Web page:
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Artificial intelligence for next-generation ultrafast photonics

How can machine learning and associated methods improve the development of next-generation laser sources and revolutionize applications where ultrafast light plays a central role?

Answer in a review article published in the prestigious journal Nature Photonics involving several members of FEMTO-ST!

The laser celebrates its 60th anniversary this year, and is considered one of the defining inventions of the 20th century.  The laser has not only created an entirely new field of photonic science, but has also led to the development of light sources producing powerful ultrafast pulses that are used in areas essential to society such as medical treatments, biological imaging, communications, and industry.

Surprisingly, however, ultrafast lasers are largely designed and operated using techniques that are little changed from when they were first developed decades ago.  This naturally leads to performance tradeoffs and limitations for applications which require light with precisely tailored characteristics.  Fortunately, an avenue to overcome this bottleneck has recently appeared by combining the latest advances in ultrafast photonics with the powerful tools of artificial intelligence and machine learning. However, although artificial intelligence is now ubiquitous in many areas of science and engineering, its uptake in ultrafast photonics has been limited because it has been unclear exactly how best it can be used to drive future research.

Work appearing recently in the prestigious journal Nature Photonics has now tackled this problem directly.  Written by an international group of scientists, the review article provides a comprehensive overview of how machine learning and associated methods can be applied to both improve developments in next-generation laser sources, and revolutionize applications where ultrafast light plays a central role.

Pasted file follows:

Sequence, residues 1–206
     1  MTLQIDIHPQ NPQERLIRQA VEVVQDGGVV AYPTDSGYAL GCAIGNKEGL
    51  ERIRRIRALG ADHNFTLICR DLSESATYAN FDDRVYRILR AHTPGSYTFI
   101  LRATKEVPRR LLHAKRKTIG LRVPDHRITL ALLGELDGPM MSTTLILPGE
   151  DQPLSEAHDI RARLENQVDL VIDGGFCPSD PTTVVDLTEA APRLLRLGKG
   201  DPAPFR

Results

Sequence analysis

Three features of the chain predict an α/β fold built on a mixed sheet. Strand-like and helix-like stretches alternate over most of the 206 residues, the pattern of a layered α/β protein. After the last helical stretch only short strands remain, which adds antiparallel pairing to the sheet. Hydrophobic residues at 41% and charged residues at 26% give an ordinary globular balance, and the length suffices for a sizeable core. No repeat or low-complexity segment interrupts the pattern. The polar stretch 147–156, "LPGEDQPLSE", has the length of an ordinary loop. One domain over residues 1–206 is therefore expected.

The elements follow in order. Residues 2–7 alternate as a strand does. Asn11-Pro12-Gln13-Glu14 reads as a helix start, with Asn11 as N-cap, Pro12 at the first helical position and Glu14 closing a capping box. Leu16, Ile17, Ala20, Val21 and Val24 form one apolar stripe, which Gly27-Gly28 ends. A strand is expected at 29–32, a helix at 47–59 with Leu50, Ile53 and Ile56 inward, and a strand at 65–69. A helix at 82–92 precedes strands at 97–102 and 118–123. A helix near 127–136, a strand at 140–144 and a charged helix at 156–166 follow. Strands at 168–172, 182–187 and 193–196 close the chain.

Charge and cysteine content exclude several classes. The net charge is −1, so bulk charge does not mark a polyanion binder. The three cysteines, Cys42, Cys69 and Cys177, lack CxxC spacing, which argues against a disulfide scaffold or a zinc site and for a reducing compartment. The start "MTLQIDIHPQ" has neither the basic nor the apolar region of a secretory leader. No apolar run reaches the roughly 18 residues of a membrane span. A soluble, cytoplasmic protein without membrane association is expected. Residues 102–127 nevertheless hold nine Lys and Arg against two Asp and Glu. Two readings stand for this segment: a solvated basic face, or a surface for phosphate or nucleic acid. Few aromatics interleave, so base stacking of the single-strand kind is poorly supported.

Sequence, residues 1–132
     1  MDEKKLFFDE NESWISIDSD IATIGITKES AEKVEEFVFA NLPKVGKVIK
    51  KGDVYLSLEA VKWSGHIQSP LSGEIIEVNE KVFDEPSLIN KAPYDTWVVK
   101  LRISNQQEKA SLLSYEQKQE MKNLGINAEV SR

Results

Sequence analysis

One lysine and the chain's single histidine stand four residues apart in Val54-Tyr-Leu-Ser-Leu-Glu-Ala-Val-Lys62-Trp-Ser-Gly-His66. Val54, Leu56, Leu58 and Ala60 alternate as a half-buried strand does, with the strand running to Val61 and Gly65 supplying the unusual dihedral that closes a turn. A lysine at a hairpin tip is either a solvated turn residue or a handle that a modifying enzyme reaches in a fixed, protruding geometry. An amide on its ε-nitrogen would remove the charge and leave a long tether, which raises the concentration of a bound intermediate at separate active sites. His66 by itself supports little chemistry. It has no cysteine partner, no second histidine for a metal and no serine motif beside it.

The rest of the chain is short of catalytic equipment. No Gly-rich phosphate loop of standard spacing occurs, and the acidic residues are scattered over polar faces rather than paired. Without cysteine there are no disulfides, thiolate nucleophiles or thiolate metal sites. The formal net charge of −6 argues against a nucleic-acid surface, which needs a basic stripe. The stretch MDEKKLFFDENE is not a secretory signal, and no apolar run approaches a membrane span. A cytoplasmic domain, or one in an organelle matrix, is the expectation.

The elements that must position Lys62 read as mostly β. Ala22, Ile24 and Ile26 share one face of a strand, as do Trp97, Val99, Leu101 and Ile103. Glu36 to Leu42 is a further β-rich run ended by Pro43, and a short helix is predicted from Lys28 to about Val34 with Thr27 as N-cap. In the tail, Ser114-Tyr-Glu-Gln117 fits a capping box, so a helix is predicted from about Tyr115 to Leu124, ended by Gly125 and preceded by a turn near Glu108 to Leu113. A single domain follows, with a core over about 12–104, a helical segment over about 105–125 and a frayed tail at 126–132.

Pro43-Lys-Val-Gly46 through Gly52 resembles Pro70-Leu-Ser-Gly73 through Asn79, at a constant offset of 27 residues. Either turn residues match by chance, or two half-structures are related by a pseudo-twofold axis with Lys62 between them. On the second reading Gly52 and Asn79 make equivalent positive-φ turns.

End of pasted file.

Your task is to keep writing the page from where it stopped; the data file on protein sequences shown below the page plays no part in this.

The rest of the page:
A unique feature of the review is a series of tutorial elements aimed particularly at non-specialists and students.  The authors are well-known pioneers in diverse fields of nonlinear dynamics, ultrafast optics and machine learning, and they attempt also to provide a roadmap for the future.

One of the authors Professor Dudley from the CNRS Institut FEMTO-ST and the Université Bourgogne Franche-Comté states: “It is our hope that this timely review will remove a lot of the mystery associated with machine learning for workers in ultrafast photonics.  We anticipate that it will stimulate new studies in this field to ensure that the future of ultrafast laser science is as exciting as the last 60 years”.  

This work falls within a broader range of activities at the Institut FEMTO-ST developing photonic artificial intelligence hardware and applying smart techniques to the analysis of optical propagation and systems.  This work is also a key priority theme of the I-SITE national Excellence Initiative and the International Graduate School EIPHI of the Université Bourgogne Franche-Comté

https://doi.org/10.1038/s41566-020-00716-4

Contact : John Dudley

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